It has frequently been stated that this photograph of Alekhine and Capablanca was taken in 1927, but it is a demonstrable fake. The matter has been discussed in a series of C.N. items, and a digest of them (slightly edited) is presented below.
Luca D’Ambrosio (Bolzano, Italy) asks for information about the well-known photograph of Alekhine and Capablanca, which is generally said to have been taken during their 1927 world championship match. Mr D’Ambrosio considers that there are sufficient unnatural points (lighting, background, etc.) to suggest that it is a montage. We offer a number of observations:
1) The photograph is to be found on, for example, page 165 of Aleksandr Alekhin - nepobezhdennyi chempion by Y.N. Shaburov (Moscow, 1992), page 164 of Das Schachgenie Aljechin by I. and W. Linder (Berlin, 1992) and in editions of volume one in Kasparov’s Predecessors series which have illustrations (e.g. the Russian and Italian versions).
2) Capablanca appears in a reverse shot of the portrait given on page 14 of the ‘1. Extra-Ausgabe’ of Kagans Neueste Schachnachrichten, published in late 1925 or early 1926. This picture was also the illustration in the Wildhagen volume on Capablanca (Hamburg, 1963). [Later, C.N. 3519 reproduced the same photograph from opposite page 244 of the December 1925 issue of L’Echiquier.] For purposes of comparison with the above photograph, we give Capablanca facing in both directions:
3) The board position in the Alekhine-Capablanca photograph is identifiable as from Nimzowitsch v Alekhine, Semmering, 7 March 1926. Although we have not found such an Alekhine picture from that event, the tournament book by Robert Laseker (published in Mährisch-Ostrau in 1934) contains the following photograph of Gilg and Spielmann:
[C.N. 4532 remarked that when this picture was published on page 143
of the November 1926 American Chess Bulletin the third
person was identified as ‘Washburn Jr., son of the American
Ambassador in Vienna’.]
It will be noted that the board, pieces, clock and background correspond to those in the Alekhine-Capablanca photograph.
4) Capablanca was not in Europe in 1926. Following the Moscow, 1925 tournament he reached Havana on 24 December 1925, and after his stay in Cuba he went to the United States in May 1926. (Sources: American Chess Bulletin, January 1926, page 3 and May-June 1926, page 70.)
5) In view of the foregoing we believe that the Alekhine-Capablanca photograph must indeed be regarded as a montage.
We have now found that the Alekhine-Capablanca picture appeared in the book on the 1927 world title match edited by Alekhine’s brother, Alexei, i.e. Match na pervenstvo mira Alekhin-Capablanca (Kharkov, 1927):
The caption asserts that the photograph was taken on the first day of the match.
We have also come across another Capablanca-Alekhine photograph which is a more obvious forgery:
It was given on page 267 of the December 1927 issue of the Swedish magazine Schackvärlden. The Capablanca part of the photograph is recognizable as coming from a shot of him with Emanuel Lasker (in Moscow in 1925). See, for instance, the picture section of the Dover reprint of the New York, 1924 tournament book. For some reason the manipulator altered the position and depicted the board the wrong way round.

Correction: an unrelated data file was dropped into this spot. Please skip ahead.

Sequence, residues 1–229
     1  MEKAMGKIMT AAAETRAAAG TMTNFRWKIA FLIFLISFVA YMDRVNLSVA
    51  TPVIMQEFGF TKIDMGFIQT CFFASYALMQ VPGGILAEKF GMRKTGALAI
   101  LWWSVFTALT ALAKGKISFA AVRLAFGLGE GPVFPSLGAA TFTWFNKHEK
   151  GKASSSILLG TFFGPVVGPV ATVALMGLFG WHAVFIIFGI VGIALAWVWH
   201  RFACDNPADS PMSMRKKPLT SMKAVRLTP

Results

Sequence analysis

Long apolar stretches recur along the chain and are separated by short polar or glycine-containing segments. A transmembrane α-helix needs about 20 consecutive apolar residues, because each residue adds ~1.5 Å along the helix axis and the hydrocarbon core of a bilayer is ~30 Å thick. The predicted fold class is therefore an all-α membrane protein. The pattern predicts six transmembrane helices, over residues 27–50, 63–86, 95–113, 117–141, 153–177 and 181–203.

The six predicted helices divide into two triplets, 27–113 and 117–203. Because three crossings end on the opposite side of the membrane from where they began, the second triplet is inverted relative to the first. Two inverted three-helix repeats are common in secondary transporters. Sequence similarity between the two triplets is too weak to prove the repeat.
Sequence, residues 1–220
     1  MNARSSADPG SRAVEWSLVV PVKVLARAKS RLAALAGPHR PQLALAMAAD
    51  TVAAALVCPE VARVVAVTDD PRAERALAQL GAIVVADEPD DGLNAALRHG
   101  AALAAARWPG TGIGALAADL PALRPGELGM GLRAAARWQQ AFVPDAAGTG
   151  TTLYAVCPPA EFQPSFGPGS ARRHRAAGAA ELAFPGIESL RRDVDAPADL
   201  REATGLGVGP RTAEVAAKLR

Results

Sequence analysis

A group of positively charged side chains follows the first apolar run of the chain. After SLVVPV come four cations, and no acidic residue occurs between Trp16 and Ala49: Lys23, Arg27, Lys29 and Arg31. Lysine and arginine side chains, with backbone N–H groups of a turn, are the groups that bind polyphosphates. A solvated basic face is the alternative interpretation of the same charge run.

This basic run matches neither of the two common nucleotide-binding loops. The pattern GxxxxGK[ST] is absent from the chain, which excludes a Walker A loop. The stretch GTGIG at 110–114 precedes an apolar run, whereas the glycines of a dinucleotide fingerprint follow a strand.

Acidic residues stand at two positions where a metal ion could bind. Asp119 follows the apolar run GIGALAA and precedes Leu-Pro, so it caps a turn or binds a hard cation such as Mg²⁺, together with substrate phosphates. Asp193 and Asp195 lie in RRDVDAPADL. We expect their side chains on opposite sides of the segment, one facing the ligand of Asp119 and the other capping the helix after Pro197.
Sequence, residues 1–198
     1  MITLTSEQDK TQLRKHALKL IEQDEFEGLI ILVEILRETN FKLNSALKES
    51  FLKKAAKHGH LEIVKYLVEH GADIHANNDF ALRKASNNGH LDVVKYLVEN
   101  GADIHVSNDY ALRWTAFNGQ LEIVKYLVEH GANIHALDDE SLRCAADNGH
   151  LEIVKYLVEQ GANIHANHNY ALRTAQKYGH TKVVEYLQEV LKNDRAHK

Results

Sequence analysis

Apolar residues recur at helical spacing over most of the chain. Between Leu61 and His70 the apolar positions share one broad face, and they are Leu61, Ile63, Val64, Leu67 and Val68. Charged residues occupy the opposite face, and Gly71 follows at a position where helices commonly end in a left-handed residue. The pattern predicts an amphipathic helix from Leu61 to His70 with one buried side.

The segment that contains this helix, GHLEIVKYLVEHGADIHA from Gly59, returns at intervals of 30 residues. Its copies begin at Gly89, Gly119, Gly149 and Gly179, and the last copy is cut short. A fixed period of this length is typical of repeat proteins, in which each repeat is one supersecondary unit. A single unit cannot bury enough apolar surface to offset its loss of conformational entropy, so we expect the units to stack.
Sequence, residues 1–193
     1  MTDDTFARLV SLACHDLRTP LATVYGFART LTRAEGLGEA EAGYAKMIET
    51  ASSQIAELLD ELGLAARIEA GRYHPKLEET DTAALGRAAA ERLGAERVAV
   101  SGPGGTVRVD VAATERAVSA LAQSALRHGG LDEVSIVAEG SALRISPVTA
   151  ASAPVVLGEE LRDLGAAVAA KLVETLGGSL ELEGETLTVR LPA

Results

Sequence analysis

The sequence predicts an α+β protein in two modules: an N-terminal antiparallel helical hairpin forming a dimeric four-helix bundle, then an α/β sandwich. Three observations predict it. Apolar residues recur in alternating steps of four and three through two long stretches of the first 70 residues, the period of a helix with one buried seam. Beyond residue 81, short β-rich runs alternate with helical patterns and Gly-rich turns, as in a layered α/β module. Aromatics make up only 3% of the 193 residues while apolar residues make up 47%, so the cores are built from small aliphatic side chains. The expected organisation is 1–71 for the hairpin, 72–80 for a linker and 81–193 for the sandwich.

Birger Flindtholt (Randers, Denmark) writes:
‘I found an interesting drawing in a recently acquired book, Lehrbuch des Schachspiels by Emanuel Lasker (4. Auflage, 1927). Bound together with the book was a German-language newspaper cutting reporting on the third round of the Moscow, 1925 tournament and dated 13 November. The report included a sketch of Capablanca and Lasker seated at a chess board. The position on the board makes no sense.’
Capablanca and Lasker met in the first round of the Moscow tournament, on 10 November 1925, the opening being a Queen’s Gambit Declined. The Capablanca sketch is evidently based on the photograph of him given in our earlier items and published on, for instance, page 14 of the ‘1. Extra-Ausgabe’ of Kagans Neueste Schachnachrichten in late 1925 or early 1926, whereas the drawing of Lasker corresponds to a photograph given two pages earlier in the same issue:
A postage stamp:
The fake Alekhine v Capablanca photograph continues to crop up in various guises, and we recently even acquired a mousepad depicting it. As regards the Alekhine part of the picture, the German tobacco card below (which features A. Alekhine, V. Tietz and A. Nimzowitsch) may be noted, not least because C.N. 3513 reported that the board position in the Alekhine v Capablanca photograph was from Nimzowitsch v Alekhine, Semmering, 1926.
For another copy of the tobacco card, together with a discussion of the complete set, see pages 42-43 of the May 2005 CHESS (an article by Gareth Williams).
C.N. 4694 mentioned that the Alekhine part of the above tobacco card is a familiar photograph of Alekhine to be found on, for instance, page 72 of Schach – ernst und heiter by Rolf Voland (Berlin, 1981), but we have yet to find the full Alekhine-Nimzowitsch photograph. The main unresolved point in this affair is how the fake Alekhine-Capablanca photograph originated.
Michael Negele (Wuppertal, Germany) has found a photographic feature in Wiener Bilder, 28 March 1926, pages 8-9:
Alekhine at Semmering, 1926
‘Alekhine v Capablanca, Buenos Aires, 1927’ (fabricated photograph)
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